made to operate in this way down to a load
impedance of about 4 ohms At 1 ohm. how-
ever, eight times the output of an B-ohm load
is called for. which can only be sustained by
an extremely well designed and capable out-
put stage and a highly robust and powerful
power supply section.To build such an ampli-
fier is a task that requires not only consider-
able experience and resources but also a thor-

»\ ough rethinking of basic principles,

Modular power units In 11-parallel push-pull
configuratlon deliver linear output: 1,000 watts]
ch. Into 1 ohm, 500 watts/ch. into 2 ohms, 250
watts/she into 4 ohms. 125 watts/ch. into 3 ohms
The output stage uses high-power transistors with
a rated collector dissipation of 130 watts and col-
lector current of 15 A. These devices have excel~
lent frequency response. current amplification lin-
earity, and switching characteristics. The transis-
tors are arranged in an 11-parallel push-pull con‘
figuration (Figure 1) for ultra-low impedance and
are mounted on a massive heat sink made from
diecast aluminum. This assures effective heat dis-

An experience in excellence — Witness 3 stereo power amplifier capable of deliver-
ing 1000 watts into l-ohm loads. Constant drive voltage principle ensures total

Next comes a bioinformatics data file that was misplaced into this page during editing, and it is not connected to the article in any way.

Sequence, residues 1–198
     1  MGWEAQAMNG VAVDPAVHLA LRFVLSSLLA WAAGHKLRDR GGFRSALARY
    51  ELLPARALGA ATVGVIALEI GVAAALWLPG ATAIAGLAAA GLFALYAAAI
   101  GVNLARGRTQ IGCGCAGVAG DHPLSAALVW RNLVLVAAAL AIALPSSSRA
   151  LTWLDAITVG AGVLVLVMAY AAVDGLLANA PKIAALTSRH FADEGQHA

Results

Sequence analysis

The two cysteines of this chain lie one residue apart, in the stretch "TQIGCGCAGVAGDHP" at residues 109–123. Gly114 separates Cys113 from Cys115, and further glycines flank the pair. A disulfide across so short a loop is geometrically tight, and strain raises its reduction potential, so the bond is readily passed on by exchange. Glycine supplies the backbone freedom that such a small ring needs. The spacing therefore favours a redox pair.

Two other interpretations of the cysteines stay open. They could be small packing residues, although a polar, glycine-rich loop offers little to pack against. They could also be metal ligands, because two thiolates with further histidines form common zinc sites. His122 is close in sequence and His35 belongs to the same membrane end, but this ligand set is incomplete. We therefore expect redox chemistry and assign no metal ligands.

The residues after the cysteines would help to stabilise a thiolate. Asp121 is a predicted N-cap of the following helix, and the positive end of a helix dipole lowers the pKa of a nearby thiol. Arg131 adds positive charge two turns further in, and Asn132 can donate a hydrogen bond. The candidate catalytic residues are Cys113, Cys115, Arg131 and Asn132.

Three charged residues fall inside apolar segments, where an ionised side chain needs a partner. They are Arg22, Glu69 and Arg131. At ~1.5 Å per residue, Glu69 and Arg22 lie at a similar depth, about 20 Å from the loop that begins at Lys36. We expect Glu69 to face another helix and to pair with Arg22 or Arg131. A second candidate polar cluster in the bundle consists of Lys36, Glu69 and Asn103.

speaker control. High-performance power transistors connected in an 11-parallel
push-pull configuration deliver linear power even into extremely low impedances.
Current feedback topology guarantees stable operation up to ultra high frequen-
cies. Performance specs fully cover the requirements of new-generation program
sources such as SACD and DVD-Audio.

sipation and allows the amplilier to effortlessly
handle very low impedances. Power linearity is
maintained down
to loads as low as
1 ohm, which
demonstrates the
impressive capa— an
bilities of this am-
plifier.

Figure 2 shows
the output/volt-
age characteris-
tics at various
load impedances.
It can be seen
that output volt~
age remains
nearly constant 0“
regardless of
load. which FluurlZ Load Impedance vlreutputpowar
means "131 OUi' (output VDIIIIU/autput currlnt)

put current increases linearly,

in

a

Output current (A) —.

In at on w an
output Voltage iv) —>

Current feedback circuit topology prevents
phase shifts

The P-1000 employs the so-called current feed
back principle. Figure 3 shows the operating prin-

Vinpul > ‘ \ Currant adder
Butter _ w 93pm
Tmns~lmpedance

. mpui amplifier

Buffer
I Current NFB I

network

Figure 3 Prlnclple or current feedback ampllflor

ciple of this circuit. At the sensing point of the feed-
back loop, the impedance is kept low and current
detection is performed. An impedance-

- leur

quur 0,

nzwm

-Ei

Figure 1 Circuit diagram of amplifier section (one channel)

converting amplifier then converts the
current into a voltage to be used as the
feedback signal. Since the impedance
at the current feedback point (current
v97 adder in Figure 3) is very low, there is
almost no phase shift. Phase compen-
sation can be kept to a minimum, re—
sulting in excellent transient response
and superb sonic transparency. Figure
4 shows frequency response for differ-
ent gain settings of the current feedback